Aconcagua, a PlayStation release from 2000 that’s often misreported as a survival horror game. It’s is a point-and-click adventure that pits five survivors against both environmental and military hazards.
This video is about the Argentinean market, Sony’s involvement in the region and Aconcagua itself.
Kickstarter has been great for developers launching spiritual successors to their dead franchises. While they may not be able to continue the beloved worlds and characters these series offered, they can at least keep working with the core design and bring the fans with them. It also acts a fresh start – letting developers experiment and create new elements without being tied down by franchise expectations.
In the case of Koji Igarashi’s Bloodstained, it’s unabashedly Castlevania to an extreme.
I’ve had a rough experience with Xenoblade Chronicles X and, after clocking in 100 hours, my time with it ended prematurely. I overwrote my save with a new file. Whoops. Even before my stupidity ruined my playthrough, I had a lot of trouble coming to terms with my feelings about the game. It wasn’t until the last 30 hours that I really started to enjoy what the title had to offer.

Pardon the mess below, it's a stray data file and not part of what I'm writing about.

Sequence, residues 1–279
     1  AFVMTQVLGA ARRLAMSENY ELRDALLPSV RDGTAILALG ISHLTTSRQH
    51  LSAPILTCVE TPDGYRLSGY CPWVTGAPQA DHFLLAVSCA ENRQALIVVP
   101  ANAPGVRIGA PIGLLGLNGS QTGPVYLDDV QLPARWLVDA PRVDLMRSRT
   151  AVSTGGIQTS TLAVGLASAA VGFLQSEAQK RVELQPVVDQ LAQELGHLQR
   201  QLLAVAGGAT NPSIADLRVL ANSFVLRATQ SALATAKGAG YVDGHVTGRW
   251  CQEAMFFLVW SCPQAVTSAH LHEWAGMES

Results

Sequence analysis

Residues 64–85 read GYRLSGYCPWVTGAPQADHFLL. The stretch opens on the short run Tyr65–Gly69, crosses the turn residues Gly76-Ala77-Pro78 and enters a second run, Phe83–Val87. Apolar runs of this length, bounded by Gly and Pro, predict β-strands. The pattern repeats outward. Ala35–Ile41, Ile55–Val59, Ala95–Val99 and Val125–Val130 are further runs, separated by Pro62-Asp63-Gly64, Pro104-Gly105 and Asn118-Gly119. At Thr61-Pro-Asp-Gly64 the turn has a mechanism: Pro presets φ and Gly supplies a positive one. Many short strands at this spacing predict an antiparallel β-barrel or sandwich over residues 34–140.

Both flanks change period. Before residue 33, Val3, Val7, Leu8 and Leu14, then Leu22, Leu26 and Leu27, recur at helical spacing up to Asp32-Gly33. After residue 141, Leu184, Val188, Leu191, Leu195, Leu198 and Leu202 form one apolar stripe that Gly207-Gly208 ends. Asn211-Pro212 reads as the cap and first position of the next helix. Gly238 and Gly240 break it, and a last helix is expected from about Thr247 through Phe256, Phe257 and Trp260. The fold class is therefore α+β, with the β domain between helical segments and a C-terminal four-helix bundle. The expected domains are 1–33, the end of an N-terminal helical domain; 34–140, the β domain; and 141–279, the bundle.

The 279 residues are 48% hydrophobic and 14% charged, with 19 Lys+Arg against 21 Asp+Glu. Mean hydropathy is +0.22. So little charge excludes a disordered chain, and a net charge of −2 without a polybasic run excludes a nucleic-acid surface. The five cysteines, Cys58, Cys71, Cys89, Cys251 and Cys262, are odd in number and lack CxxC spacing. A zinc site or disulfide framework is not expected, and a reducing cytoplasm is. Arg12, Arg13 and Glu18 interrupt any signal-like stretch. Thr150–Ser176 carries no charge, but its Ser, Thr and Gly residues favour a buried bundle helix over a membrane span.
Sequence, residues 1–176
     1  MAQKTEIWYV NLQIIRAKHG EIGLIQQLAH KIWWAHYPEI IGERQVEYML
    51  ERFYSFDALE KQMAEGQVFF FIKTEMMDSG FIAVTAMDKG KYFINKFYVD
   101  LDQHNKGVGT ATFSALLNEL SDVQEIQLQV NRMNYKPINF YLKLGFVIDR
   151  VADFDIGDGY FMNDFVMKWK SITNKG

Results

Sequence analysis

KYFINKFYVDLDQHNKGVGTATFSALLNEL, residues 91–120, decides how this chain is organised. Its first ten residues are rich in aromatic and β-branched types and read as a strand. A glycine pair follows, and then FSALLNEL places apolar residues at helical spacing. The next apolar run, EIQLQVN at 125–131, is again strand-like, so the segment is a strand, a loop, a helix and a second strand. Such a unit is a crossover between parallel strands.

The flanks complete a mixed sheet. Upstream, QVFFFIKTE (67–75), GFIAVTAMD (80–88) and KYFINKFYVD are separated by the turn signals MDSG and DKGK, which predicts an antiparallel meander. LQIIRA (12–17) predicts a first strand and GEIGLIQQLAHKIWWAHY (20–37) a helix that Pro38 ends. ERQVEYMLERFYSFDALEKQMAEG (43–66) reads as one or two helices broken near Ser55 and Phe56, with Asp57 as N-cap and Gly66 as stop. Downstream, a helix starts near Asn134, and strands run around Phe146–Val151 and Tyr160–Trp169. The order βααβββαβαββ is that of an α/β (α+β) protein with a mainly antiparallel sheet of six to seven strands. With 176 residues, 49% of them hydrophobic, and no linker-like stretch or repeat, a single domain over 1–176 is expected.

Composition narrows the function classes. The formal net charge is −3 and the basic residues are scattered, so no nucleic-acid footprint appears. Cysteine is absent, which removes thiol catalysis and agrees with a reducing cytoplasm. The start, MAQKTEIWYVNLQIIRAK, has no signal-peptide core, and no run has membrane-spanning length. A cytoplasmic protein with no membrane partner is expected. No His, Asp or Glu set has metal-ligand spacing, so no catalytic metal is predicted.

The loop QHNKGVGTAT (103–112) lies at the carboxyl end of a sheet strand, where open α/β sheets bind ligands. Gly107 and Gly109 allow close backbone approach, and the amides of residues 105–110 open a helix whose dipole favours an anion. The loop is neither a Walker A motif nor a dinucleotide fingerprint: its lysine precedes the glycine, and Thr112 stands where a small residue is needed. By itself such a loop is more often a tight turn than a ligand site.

I have a soft spot for everyday characters who play roles in extraordinary stories. Despite not being a super powered hero, chosen one or whatever excuse there is to overcome excruciating odds, they still contribute. Yet, not every person off the street who happens to do something important fills this role. To appreciate a character’s place, a broad enough perspective of the game’s world is required. There also needs to be a level of modesty in their actions and the influence they have.
ESWAT: City Under Siege for the Sega Genesis is quickly disqualified by featuring a character with a super-powered suit, but the game does give the player taste of his life before he gears up as an American Mega Man box art model.
I’m in the odd position of preferring Rodea the Sky Soldier on Wii U versus the generally agreed upon better release on Wii.
This video includes a quick look at developer Yuji Naka’s recent ventures, comparing the biggest changes between the two versions and how the Wii U version overcomes some of the challenges faced by the original.
Ice Climber gets more attention than it probably deserves. It’s been released on about ten different platforms and its protagonists have been featured in one of Nintendo’s biggest franchises of all time, Super Smash Bros.
For an NES game, it showed a lot of promise. In 1985 it predated Super Mario Bros. in Japan and – unlike most platformers following it – the objective is to climb up rather than run right.
I’ve feared nostalgia for years. Recommending or highlighting something simply because I enjoyed it as a kid feels irresponsible. I usually want to talk about a game’s current day relevance. Yet as I frowned upon analyzing with rose-tinted glasses, I had a lingering sense of doubt. It seems like a silly question ask, but I started to wonder if I was being influenced by nostalgia when choosing what to play.